Friday, August 19, 2011

Running in Montreal

As I mentioned in my last post, we just got back from a great vacation in Montreal. Since I'm training (sort of) for the Philadelphia Marathon, I decided was going to try to get some runs, including a long run, in while we were away. I'd done my homework ahead of time, and found that either running the trails around Mt. Royal or looping around the trails of Jean Drapeau Park, on two islands between Longueuil and Montreal, would probably be my best options.

We drove up to Montreal from the Philadelphia area on Saturday. We waited in line at customs for almost two hours, got into our hotel in Longueuil, across the river from Montreal, at about 9:30. Exhausted, we probably weren't in bed until about 12:30.

Still, I got myself out the door at about six and headed for the stairway up to the Jacques Cartier Bridge. I began my run at the stop of the tall stairway, so the incline across the bridge, with a lower span which crosses to the Ile Sainte Helene and then a taller span that crosses over to Montreal, didn't seem so bad.

(Ile Sainte Helene and downtown Montreal as seen from the Jacques Cartier Bridge)

Once on the Montreal side, it seemed that the best route up to Mt. Royal park wasn't readily apparent. Since I wasn't familiar with any of the residential neighborhoods of Montreal, I decided to abandon this plan. Instead, I made a left onto Papineau, figuring that if I kept close to the river it would be hard for me to get lost. I followed Papineau through neighborhoods until reaching Rue Notre Dame at the Molson plant, where I made a right. I followed Rue Notre Dame for what seemed like quite a long way, and then turned left and ran two blocks to the waterfront as I entered what I learned later was Old Montreal.

(The Jacques Cartier Bridge seen from Papineau St.)

I ran along the quays, enjoying Montreal's picturesque waterfront area, until I reached the beginning of the Lachine Canal. I'd read that the trails along the canal were the best place to run in Montreal, but I was already about 5 miles into my run, so I only made it a little more than a mile down the canal before heading back.

(The Lachine Canal and downtown Montreal)

To return to Longueuil, I reversed the same course, finding the climb up the Cartier Bridge from ground level much more difficult on the return. I also turned off the bridge onto the Ile d Sainte Helene to add some distance through Jean Drapeau Park.

Big mistake. The trails through middle of the park feature some of the steepest hills I've ever run on, the equals of the Dreaded Druid Hills 10K, but this time 11 miles into a run. Still, it was beautiful and interesting scenery, as I saw a fox and Montreal's Biosphere. I also forgot to turn Garmin back on as I paused for a photo break, so I'm ultimately unsure the exact length of this run. It read 13 miles as I reached my starting point back on the Longueuil side of the bridge. I don't think it was 14. It felt more like 20. A tough run, but one of the best ever in terms of neat things seen while running. That won't help me on marathon day, but it made it a humid Montreal morning run more fun.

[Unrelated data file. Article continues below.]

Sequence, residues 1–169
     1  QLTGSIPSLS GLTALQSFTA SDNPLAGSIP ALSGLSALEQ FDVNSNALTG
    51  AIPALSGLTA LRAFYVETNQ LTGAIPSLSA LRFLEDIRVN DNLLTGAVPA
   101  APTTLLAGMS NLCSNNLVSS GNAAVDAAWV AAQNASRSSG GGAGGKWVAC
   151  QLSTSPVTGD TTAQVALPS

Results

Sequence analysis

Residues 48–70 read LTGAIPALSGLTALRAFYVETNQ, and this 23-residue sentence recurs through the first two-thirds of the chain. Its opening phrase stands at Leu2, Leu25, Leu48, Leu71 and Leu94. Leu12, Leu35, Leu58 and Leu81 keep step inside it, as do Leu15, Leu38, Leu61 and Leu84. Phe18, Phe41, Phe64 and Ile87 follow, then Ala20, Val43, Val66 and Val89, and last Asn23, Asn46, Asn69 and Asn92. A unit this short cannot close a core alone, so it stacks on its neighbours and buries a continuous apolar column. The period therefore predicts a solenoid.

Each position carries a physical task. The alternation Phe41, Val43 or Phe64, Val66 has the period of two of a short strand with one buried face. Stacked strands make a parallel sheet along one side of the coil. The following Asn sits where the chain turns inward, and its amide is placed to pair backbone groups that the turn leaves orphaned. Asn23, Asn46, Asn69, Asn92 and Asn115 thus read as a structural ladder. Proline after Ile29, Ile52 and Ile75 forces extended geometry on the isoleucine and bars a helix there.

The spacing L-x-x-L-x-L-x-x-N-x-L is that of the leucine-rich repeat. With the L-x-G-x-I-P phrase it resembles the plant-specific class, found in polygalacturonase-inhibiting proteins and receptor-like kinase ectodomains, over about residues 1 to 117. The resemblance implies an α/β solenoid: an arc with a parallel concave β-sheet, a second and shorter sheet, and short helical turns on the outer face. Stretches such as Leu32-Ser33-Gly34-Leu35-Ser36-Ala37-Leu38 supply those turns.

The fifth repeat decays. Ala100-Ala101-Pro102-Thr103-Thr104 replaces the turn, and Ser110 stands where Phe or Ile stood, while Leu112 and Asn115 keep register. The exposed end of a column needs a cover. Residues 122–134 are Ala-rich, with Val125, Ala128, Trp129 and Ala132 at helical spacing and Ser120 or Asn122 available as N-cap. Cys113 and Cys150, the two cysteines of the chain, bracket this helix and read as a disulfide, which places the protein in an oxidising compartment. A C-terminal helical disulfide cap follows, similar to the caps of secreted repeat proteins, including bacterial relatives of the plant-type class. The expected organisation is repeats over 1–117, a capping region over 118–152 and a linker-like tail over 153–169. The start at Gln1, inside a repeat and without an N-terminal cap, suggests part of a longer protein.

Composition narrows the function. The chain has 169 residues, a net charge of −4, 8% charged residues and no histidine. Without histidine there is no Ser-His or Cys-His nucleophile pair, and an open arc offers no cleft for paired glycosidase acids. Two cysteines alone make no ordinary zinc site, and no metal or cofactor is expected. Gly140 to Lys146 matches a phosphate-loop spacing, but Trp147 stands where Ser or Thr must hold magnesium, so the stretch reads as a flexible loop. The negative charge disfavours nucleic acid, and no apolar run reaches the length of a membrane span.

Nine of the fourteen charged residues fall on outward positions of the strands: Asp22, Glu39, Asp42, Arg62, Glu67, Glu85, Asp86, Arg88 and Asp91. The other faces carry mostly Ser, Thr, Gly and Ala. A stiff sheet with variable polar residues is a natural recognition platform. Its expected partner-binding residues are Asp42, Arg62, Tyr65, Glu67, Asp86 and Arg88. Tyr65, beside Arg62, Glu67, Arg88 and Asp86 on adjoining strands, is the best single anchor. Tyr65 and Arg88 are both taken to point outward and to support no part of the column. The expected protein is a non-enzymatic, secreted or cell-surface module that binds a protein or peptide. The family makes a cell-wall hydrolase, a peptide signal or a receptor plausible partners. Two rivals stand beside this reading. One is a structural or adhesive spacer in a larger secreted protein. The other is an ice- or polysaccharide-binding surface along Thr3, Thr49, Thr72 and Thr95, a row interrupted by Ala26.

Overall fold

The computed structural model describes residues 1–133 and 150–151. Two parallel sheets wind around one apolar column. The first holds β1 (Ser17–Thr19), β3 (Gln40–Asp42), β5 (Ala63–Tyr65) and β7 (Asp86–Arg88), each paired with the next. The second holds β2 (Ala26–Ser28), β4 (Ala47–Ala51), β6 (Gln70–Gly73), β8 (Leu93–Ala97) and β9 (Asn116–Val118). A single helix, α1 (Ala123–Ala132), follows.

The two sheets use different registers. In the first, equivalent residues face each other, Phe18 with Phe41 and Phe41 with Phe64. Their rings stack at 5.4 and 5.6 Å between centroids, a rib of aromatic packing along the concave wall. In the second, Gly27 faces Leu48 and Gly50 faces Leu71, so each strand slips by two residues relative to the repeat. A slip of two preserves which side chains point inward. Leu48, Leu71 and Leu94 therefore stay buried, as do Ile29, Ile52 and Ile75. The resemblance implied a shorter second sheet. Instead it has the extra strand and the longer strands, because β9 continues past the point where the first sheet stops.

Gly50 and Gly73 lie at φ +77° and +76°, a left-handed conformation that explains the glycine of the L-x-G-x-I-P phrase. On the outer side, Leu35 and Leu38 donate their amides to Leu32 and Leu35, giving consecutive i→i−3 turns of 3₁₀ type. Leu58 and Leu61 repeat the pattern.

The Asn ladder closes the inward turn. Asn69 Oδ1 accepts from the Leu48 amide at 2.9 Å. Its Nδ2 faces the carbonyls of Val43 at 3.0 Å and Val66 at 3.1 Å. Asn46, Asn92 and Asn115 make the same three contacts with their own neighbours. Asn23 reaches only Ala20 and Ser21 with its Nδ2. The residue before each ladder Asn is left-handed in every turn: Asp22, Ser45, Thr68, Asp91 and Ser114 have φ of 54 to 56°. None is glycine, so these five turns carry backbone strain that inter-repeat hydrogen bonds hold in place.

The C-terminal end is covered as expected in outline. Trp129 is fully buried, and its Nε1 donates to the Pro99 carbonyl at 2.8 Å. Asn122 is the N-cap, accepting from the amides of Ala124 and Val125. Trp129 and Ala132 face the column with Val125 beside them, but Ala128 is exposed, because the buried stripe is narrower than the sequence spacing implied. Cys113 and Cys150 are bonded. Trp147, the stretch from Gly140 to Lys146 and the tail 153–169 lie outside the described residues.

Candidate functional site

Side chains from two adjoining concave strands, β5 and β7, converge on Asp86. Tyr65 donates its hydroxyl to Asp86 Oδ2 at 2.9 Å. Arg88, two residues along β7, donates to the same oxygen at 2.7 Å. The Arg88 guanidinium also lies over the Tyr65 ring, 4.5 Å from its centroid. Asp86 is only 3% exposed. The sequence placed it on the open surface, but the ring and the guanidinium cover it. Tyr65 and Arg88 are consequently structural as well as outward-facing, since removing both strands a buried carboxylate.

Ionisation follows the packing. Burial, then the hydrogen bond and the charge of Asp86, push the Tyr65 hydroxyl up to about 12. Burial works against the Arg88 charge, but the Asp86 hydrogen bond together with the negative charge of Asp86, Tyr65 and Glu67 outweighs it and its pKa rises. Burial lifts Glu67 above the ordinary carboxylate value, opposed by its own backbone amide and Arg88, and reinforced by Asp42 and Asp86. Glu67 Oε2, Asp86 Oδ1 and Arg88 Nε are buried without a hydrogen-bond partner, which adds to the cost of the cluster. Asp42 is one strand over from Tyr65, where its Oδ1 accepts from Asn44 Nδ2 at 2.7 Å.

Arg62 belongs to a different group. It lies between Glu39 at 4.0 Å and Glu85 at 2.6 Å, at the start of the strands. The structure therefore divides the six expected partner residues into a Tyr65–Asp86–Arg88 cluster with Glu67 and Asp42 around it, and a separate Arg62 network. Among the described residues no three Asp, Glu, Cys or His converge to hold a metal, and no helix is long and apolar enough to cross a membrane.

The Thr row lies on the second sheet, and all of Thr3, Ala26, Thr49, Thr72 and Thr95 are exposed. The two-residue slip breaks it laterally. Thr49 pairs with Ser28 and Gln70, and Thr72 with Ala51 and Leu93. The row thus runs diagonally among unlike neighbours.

(Pauly Shore was nowhere to be found.)

I would take a shorter, less interesting run on Tuesday, and then abort a planned run later in the trip to give my tired legs a chance to recover. I'm used to running and then sitting and working all day, not walking for hours.

Personnes son Jercs
As I do at home, I greeted fellow runners or cyclists (cheaters!) with a friendly "bonjour!", one of a handful of French words that I know. Very few returned my greeting. A cyclist on Ile Sainte Helene was very nice though, cheerfully pointing out the fox. Unfortunately, the noise of his brakes is probably what prevented me from getting a picture of the animal, but he meant well.

Montreal as a Running City
Montreal apparently doesn't have the best reputation as a running city. However, I found it to be pleasant. The waterfront is beautiful and flat, with parkland out on the quays that unfortunately I missed. The Lachine Canal trail was very pretty, though, and also flat. Once away from the water, Montreal is extremely hilly. It's not called "Flatreal" for a reason. You're not going to have to search far for hills.

Montreal is a GREAT city for biking, perhaps the best I've ever seen. There are bike lanes, separated from automobile traffic by barricades, in high traffic areas, and these are used by runners as well. I'm not sure if I was breaking some taboo by running on the bike paths in Montreal, but I saw many other runners on the bike paths on the Longueuil side during a flatter, more boring 10-mile run on Tuesday.

If you're looking for a great vacation spot and want a place where you can get some runs in, I highly recommend Montreal.


  1. I am glad that you decided to run in a strange city (or at least that you're not use to). My favorite thing to do in a town/city that I am visiting for the first time is go run in it. I find that it does two things for me: I get my sense of direction for the city a lot quiker, and its really easy to figure out the character of the town/city by running through it.

  2. I think the vacation run is the most enjoyable run of all.

  3. I'm glad to hear that there are Americans vacationing in Canada. When I'm driving around my hometown, every it seems like every fourth or fifth car I see is from Canada, and everyone jokes that Montana is being invaded.